KUALA LUMPUR, 3 June 2009: Indonesia appears to be fighting corruption more effectively than Malaysia, based on a public perceptions survey by Transparency International (TI).
Once looked down upon as a bribery-prone country, more Indonesians, at 74%, are confident that their government’s actions to stem corruption have proven effective, compared to only 28% of Malaysians.
Additionally, only 19% of Indonesians thought their government ineffective in fighting corruption, compared to 67% of Malaysians who thought the same.
He attributed the republic’s success to having a more open society.
“We are now behind Indonesia which we used to have a low opinion of. But they have obviously had a breakthrough. They have a more open culture of debate and discourse in their society,” Low said at a press conference.
For example, he said he was surprised that TI Indonesia officials could speak freely about corrupt institutions in the country on television.
Low said the Malaysian press was now freer than before, but added that more should be done to promote investigative journalism as a means to expose corruption.
Datuk Paul Low, president of
Transparency International Malaysia
He added that having freedom of information laws would also go some way in restoring people’s faith in anti-corruption efforts.
Asked for his views on which areas of reform Prime Minister Datuk Seri Najib Razak had to address urgently, Low said they were, corruption in political parties, the police force, and the perception of selective prosecution.
Political parties and civil service
The GCB 2009 survey had asked respondents in 69 countries to rank which of six sectors they felt was the most corrupt. On the global average, political parties and the civil service were perceived as the most corrupt sectors.
In Malaysia, 42% deemed political parties the most corrupt, followed by the civil service (37%), the private sector (12%), judiciary (5%), the legislature (4%) and the media (1%).
That Malaysians thought corruption was worst in political parties was likely because the survey was taken between October 2008 and February 2009, Low said, referring to the “atmosphere then” that was rife with talk of political defections.
“The perception is based on the pervasiveness of money politics with rumours of money being paid for crossovers,” he said.
He proposed that political parties publicly account for their sources of funding as “nobody knows how political parties are funded, both Barisan Nasional and Pakatan Rakyat”.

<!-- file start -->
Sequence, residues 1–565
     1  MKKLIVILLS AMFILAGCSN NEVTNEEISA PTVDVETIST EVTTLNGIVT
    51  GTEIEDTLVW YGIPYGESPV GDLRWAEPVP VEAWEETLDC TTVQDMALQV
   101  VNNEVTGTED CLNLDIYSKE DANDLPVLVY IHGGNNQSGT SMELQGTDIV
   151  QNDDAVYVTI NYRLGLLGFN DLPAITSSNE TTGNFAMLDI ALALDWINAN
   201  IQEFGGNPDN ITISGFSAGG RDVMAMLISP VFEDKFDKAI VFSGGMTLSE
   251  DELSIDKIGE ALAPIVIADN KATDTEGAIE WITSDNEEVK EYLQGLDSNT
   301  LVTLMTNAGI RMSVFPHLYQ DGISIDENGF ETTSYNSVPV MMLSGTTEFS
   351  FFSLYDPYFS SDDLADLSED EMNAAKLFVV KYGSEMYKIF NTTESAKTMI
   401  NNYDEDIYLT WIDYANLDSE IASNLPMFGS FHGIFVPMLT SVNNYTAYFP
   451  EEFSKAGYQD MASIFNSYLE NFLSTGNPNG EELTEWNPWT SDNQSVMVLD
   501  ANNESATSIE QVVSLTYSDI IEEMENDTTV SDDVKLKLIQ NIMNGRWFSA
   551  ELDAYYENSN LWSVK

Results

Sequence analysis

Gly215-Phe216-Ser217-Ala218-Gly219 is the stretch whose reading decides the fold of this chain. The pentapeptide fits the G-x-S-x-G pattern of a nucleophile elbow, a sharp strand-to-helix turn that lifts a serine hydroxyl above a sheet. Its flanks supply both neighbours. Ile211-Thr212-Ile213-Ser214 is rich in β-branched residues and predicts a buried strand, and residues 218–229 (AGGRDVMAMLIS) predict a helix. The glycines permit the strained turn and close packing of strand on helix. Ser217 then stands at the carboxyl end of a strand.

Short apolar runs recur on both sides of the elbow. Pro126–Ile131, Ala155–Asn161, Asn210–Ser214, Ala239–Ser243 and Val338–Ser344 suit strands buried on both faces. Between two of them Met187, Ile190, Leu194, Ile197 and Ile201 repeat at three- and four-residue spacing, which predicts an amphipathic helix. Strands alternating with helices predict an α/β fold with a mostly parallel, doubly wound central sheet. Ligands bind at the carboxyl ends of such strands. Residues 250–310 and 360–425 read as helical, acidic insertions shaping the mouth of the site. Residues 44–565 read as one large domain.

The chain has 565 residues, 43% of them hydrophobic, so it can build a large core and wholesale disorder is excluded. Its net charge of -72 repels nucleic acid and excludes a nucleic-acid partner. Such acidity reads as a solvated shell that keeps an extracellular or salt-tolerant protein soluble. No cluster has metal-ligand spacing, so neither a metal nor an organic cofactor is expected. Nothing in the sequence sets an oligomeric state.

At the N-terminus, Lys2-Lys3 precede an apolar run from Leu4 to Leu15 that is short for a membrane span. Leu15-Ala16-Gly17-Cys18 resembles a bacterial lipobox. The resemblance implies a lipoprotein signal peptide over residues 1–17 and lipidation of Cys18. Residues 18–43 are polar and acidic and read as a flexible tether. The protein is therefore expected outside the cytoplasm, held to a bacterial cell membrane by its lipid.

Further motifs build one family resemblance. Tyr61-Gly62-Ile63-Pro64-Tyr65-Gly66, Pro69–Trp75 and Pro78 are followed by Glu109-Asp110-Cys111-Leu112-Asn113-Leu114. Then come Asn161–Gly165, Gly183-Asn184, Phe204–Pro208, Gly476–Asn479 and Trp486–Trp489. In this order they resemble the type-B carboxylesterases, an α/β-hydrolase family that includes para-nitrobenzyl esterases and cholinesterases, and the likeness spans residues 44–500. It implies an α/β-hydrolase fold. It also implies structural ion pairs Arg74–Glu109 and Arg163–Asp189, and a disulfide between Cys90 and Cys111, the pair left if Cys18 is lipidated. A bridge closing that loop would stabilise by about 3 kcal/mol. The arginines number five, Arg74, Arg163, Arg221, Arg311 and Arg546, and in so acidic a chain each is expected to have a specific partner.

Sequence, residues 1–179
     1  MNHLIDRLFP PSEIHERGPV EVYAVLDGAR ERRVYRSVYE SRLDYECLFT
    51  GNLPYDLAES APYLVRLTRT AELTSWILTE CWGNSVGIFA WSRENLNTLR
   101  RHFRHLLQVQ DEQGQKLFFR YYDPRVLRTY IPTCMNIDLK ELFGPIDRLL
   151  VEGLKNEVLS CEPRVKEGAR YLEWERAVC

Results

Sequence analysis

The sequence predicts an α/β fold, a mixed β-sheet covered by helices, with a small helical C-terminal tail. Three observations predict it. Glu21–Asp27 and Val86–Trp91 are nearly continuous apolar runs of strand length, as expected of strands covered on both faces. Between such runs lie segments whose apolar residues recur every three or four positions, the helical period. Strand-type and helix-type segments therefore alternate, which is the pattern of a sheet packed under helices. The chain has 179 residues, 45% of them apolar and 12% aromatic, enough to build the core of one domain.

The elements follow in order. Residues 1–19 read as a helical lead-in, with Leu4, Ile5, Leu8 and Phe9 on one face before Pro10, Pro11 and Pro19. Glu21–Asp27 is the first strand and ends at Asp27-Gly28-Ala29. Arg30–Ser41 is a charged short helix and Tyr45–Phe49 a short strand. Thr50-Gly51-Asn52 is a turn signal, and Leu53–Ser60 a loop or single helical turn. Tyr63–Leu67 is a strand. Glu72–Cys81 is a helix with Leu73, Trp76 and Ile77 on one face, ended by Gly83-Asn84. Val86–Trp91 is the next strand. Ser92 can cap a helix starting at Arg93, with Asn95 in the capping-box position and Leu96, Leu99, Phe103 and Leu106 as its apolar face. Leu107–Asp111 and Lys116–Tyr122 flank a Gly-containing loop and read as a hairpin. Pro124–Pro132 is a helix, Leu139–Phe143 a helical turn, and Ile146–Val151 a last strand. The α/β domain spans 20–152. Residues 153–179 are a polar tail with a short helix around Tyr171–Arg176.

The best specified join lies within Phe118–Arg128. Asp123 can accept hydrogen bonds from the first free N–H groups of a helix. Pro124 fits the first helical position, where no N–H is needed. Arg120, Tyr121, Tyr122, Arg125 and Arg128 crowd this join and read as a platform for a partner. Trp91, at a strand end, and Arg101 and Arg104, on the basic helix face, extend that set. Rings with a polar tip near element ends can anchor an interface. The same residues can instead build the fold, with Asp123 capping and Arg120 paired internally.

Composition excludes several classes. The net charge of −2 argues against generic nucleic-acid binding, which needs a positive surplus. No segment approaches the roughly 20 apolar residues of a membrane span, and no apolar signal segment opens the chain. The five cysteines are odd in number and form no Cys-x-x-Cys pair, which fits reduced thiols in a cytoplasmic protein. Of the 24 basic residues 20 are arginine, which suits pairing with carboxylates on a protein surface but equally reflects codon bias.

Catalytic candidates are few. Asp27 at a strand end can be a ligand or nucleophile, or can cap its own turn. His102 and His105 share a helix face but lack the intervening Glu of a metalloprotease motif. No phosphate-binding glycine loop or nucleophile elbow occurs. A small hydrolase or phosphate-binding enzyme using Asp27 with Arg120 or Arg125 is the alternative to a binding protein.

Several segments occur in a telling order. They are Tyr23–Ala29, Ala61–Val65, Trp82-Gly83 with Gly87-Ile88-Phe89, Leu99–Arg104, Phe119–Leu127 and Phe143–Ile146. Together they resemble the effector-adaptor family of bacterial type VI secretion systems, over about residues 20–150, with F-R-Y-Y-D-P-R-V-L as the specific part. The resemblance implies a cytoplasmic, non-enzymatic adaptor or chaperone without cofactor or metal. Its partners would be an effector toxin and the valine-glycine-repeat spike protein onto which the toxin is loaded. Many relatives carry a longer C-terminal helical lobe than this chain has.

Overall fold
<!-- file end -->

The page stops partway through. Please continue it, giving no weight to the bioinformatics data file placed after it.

“To change people’s perception and restore credibility, political parties must eliminate money politics and must have more visibility in their political funding. These may require changes in electoral laws,” Low said.
In other Asia Pacific countries, when corruption was perceived to be higher in the civil service and political parties, it was seen as lower in the business sector, and vice-versa.
Low cited Singapore as an example, where 66% surveyed felt corruption was worst in the private sector, compared to 10% who believed the same about political parties and 9% about the civil service.
When it came to personal experience in paying bribes, 9% of Malaysian respondents said they had paid a bribe in the previous year. The Asia Pacific average is 10%.
Globally, those who paid bribes the most often were from the lower-income bracket. Bribes were paid mostly to the police, judiciary, and for basic services. However, Low said that such corruption afflicted the poor mainly in other countries, and was less apparent in Malaysia.
On why people did not lodge formal complaints about bribery, over 50% of respondents globally said “it would not have helped at all”. “It would have taken too much time” and “fear of reprisals” were the second and third most common answers.
Half of all respondents globally and in Malaysia said they were willing to buy products or services from companies that were “corruption-free”.
Low said this should encourage the private sector to be more transparent and to improve compliance with ethical standards to appeal to consumers.
This marks the first time Malaysia is included in the GCB survey which gauges public perception of corruption and bribery in key institutions, and citizens’ views on government efforts to fight corruption.
The GCB does not carry a global ranking like the Global Corruption Perceptions Index, in which Malaysia was ranked 47 out of 180 countries in 2008. Malaysia’s score on the index has shown little improvement in the last eight years, plateauing between 4.9 and 5.1 out of 10, Low said.